Trillium angustipetalum syn. T. kurabayashii

aaron floden
Tue, 19 Mar 2013 17:03:04 PDT

 Which treatment takes this approach? The FNA treatment was written by case and recognizes those that are in his book as well. 

 My advisor and I have a phylogeny (mostly as evidence of a new species from Tennessee) coming out soon on Phyllantherum in the southeastern US, but it lacks all but the western albidum. I am looking for as many as possible of the western species and numerous populations of each if possible --- i do not want living plants though. This may help to clarify the nomenclature some.

 I have never seen the type of chloropetalum, but the chloro- suggests that it is not purple.



--- On Wed, 3/20/13, Jane McGary <> wrote:

From: Jane McGary <>
Subject: [pbs] Trillium angustipetalum syn. T. kurabayashii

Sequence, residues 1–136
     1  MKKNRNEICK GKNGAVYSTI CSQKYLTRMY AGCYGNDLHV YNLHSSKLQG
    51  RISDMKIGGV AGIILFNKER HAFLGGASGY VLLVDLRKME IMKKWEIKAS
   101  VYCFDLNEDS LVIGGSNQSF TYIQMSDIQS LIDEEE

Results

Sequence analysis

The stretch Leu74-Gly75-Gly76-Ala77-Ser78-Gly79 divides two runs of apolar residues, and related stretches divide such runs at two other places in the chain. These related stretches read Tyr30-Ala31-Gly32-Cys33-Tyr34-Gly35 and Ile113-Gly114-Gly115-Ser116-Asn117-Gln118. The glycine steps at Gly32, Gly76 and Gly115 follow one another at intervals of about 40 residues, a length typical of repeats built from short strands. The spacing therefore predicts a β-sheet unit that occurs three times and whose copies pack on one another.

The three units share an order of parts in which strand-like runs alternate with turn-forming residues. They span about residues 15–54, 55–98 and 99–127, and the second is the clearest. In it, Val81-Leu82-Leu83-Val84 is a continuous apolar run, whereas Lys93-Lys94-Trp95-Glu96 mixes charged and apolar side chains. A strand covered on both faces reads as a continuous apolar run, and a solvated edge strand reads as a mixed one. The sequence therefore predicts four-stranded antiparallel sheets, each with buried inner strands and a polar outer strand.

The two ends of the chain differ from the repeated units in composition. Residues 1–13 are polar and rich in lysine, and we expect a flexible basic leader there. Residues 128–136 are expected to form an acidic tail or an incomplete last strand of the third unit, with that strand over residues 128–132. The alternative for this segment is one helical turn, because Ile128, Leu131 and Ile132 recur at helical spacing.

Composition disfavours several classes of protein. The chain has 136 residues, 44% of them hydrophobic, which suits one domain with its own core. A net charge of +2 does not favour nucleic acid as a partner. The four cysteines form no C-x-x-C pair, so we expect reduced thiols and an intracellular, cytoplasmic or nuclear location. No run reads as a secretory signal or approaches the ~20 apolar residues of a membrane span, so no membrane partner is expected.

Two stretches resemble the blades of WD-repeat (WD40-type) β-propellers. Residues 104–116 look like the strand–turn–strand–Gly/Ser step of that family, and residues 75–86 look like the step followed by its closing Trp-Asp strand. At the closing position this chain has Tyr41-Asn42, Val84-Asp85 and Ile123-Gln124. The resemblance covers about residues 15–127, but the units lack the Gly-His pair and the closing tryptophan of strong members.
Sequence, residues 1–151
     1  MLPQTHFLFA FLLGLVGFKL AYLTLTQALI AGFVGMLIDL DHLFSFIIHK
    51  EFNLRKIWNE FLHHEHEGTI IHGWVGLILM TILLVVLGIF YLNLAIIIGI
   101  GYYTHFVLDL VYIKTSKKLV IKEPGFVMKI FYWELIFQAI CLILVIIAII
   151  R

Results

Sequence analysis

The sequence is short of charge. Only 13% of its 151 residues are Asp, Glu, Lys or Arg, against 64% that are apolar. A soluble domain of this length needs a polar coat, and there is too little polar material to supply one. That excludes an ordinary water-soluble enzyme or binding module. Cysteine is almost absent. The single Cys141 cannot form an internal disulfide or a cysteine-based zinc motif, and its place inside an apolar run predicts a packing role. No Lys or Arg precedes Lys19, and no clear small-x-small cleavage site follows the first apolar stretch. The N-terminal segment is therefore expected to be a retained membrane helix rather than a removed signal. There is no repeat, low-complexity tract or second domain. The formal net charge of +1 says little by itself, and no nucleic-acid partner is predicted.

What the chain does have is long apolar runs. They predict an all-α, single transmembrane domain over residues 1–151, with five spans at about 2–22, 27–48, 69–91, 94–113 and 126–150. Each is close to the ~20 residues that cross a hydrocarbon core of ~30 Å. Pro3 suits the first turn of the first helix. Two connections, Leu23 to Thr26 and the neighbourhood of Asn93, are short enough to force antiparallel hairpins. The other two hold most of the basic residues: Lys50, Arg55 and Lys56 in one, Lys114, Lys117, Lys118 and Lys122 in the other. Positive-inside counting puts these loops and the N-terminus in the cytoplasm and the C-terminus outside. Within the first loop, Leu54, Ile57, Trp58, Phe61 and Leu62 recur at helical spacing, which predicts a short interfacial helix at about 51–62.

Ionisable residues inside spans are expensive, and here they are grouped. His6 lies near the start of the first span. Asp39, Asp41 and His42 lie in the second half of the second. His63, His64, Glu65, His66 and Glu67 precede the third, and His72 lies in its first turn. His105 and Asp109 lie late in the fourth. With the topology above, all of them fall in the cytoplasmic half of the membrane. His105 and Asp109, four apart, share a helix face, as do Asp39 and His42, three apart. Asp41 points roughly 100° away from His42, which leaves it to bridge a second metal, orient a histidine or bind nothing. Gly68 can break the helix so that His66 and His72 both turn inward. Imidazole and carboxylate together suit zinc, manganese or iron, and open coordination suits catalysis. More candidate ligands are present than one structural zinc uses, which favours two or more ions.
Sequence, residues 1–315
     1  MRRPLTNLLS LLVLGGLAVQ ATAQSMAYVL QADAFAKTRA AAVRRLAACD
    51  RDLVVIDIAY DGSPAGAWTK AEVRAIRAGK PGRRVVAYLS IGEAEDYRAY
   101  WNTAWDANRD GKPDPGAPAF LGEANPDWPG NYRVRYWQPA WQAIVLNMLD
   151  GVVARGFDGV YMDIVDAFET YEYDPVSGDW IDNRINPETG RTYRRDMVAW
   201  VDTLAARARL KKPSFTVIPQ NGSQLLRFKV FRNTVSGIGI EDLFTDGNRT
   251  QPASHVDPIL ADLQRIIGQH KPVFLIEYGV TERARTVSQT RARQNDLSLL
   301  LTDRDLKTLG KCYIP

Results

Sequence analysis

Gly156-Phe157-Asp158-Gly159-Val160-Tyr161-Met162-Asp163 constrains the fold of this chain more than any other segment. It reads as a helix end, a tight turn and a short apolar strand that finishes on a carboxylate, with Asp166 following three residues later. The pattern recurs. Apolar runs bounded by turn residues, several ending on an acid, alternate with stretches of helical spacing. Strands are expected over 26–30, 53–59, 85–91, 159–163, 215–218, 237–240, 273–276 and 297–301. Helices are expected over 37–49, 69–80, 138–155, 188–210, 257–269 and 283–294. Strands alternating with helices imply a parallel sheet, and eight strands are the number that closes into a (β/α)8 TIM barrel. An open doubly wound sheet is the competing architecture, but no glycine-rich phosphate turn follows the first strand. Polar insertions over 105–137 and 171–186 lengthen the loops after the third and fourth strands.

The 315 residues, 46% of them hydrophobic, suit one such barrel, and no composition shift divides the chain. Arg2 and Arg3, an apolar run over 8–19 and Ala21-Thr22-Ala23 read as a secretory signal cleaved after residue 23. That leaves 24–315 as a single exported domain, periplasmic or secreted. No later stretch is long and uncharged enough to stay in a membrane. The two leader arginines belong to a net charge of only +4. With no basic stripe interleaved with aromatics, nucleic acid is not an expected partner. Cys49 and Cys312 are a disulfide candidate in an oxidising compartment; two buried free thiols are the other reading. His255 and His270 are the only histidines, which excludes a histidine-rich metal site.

To: "Pacific Bulb Society" <>
Date: Wednesday, March 20, 2013, 7:39 AM

I was comparing some trilliums starting to flower in the garden under 
the names T. kurabayashii and T. chloropetalum, so I researched them 
online. I see that the name T. angustipetalum has superseded T. 
kurabayashii for red-flowered trilliums, and that T. chloropetalum is 
now apparently restricted to the whitish-flowered ones in California. 
Both are sessile trilliums. Around here most people grow a form of T. 
angustipetalum from southern Oregon, known at least for a long time 
as kurabayashii; it can grow very large, reaching at least 65 cm in 
flower, with huge leaves. I also have a plant sent me by my brother, 
who dug it up while planting apple trees in an orchard in Tuolumne 
County, California. It's considerably smaller than "kurabayashii" but 
is within what CalFlora defines as T. angustipetalum.

Can one of our California flora experts tell me if the large Oregon 
population is the same as the smaller California one, or if it is 
considered a subspecies?

Jane McGary
Portland, Oregon, USA

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